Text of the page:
Can a Claimant’s behaviour, after the termination of employment, impact on a tribunal claim?
The simple answer is, yes it can. This is confirmed in the recent case of Cumbria County Council v Bates where the Claimant’s conduct following the termination of his employment could affect the amount of compensation he was entitled to receive.
The Claimant was a teacher who had been dismissed from Dowdales School. In the Employment Tribunal he was found to have been unfairly dismissed. Over a year after his dismissal he assaulted a 16 year old girl, who was also his former pupil and he was subsequently sentenced to 6 weeks’ imprisonment.
Although the Claimant was found to have been unfairly dismissed, an application was made to adjourn the remedy hearing until the criminal proceedings had been completed as the outcome of these proceedings would have an effect on the amount of compensation the Claimant would be awarded.
The issue before the Employment Tribunal was whether they could consider the post dismissal behaviour when assessing compensation. The Tribunal believed that they could not, however following a successful appeal to the Employment Appeal Tribunal it was found that they should. The case has been returned to the Employment Tribunal to assess the appropriate level of compensation, if any.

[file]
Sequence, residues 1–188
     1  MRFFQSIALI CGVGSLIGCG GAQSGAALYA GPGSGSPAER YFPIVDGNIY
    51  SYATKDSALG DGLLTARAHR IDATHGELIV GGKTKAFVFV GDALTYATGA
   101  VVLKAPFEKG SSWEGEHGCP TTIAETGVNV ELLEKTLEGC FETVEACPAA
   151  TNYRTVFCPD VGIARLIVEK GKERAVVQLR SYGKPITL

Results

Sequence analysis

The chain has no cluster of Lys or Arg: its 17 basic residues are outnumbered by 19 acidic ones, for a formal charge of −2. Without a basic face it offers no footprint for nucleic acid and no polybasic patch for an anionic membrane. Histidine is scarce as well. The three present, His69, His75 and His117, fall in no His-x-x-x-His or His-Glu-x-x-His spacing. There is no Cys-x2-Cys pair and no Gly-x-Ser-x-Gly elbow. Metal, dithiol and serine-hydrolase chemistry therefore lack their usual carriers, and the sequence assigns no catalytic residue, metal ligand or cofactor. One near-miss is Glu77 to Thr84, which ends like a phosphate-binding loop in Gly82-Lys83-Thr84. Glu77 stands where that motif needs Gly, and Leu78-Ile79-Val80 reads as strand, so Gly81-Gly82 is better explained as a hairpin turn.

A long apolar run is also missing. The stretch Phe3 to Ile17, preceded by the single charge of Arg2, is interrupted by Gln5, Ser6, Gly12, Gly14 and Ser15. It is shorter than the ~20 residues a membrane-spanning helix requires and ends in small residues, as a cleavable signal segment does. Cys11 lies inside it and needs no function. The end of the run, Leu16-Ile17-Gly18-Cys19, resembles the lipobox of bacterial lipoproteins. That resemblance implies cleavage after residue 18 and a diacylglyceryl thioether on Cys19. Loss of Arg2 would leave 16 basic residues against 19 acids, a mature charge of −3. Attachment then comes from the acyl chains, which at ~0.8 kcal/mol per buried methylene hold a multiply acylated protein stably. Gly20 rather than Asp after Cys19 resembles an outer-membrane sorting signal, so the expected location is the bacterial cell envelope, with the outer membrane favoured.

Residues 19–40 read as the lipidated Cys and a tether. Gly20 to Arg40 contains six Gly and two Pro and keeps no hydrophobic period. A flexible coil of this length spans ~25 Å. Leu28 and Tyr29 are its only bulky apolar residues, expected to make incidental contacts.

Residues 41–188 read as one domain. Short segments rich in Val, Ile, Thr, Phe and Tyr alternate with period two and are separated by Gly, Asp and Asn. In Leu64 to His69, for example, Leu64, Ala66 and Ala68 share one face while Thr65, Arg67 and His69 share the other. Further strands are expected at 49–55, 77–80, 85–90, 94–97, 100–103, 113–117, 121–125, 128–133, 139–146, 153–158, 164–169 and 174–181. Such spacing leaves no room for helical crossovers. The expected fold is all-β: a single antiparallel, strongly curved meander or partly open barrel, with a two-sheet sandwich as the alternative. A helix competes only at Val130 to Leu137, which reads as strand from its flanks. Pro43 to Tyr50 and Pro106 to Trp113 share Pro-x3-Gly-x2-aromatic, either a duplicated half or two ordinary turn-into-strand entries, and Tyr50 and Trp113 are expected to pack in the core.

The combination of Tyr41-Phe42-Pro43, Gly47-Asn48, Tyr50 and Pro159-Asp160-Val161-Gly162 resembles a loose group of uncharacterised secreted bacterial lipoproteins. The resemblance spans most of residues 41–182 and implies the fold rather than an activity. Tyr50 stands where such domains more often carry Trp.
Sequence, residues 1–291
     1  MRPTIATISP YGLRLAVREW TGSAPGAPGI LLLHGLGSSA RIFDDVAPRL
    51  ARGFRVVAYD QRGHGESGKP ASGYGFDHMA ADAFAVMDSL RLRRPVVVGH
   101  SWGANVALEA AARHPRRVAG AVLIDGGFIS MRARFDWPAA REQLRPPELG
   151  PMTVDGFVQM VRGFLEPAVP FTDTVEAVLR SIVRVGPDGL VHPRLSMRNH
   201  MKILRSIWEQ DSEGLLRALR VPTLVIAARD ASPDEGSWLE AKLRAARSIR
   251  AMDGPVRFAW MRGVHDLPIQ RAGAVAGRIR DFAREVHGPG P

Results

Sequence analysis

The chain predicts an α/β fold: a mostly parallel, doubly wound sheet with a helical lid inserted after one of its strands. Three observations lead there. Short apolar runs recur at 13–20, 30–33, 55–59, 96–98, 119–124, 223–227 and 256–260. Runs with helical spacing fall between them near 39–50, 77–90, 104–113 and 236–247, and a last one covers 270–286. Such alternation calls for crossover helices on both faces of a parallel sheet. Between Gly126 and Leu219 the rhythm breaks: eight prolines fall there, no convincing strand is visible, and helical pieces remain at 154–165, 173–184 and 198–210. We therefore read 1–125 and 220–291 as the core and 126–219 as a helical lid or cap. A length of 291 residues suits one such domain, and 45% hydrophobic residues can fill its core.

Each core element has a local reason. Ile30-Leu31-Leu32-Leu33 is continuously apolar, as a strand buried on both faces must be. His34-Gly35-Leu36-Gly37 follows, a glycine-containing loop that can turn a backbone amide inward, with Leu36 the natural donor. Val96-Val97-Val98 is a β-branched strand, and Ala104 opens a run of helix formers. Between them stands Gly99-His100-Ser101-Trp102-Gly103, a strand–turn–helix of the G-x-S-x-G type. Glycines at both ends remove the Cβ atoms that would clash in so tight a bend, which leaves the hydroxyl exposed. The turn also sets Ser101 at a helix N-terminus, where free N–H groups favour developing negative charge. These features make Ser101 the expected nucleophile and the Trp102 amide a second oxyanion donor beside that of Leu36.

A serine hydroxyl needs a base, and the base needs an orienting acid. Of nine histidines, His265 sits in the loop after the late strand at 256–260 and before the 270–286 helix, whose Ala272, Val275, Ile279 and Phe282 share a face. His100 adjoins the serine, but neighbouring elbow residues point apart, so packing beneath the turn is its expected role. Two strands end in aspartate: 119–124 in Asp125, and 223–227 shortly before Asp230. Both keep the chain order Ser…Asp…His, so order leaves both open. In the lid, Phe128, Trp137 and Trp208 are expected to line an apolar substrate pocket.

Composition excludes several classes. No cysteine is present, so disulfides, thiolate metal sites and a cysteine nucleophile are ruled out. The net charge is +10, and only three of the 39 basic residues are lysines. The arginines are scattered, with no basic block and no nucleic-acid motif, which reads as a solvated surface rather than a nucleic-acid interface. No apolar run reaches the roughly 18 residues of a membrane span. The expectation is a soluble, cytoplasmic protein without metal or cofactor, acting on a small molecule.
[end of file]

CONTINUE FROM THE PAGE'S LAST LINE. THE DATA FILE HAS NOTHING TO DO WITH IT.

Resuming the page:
How does this affect employers?
In assessing compensation the task of the Tribunal is to assess the loss flowing from the dismissal, using its common sense, experience and sense of justice. In the normal case that requires it to assess for how long the employee would have been employed but for the dismissal. A Claimant must demonstrate that they have taken all reasonable steps to mitigate their losses arising after the dismissal. Such as looking for alternative employment, acquiring new skills to re-enter the workplace and attending job interviews.
Compensation is a remedy intended to compensate the employee for losses arising as a result of the unfair dismissal including losses for the period that they were out of work or are reasonably expected to be out of work or earning less money than they previously were following the appointment to a new job.
In this case the Claimant was convicted of common assault and sentenced to 6 weeks’ imprisonment and as a result the Claimant was banned by the Teaching Agency from teaching for life. This was a relevant consideration when assessing compensation.
A tribunal must therefore consider the losses arising as a result of the unfair dismissal in order to award the appropriate level of compensation and can take into account post dismissal acts, which in this case, have made it impossible for the employee to return to their chosen profession.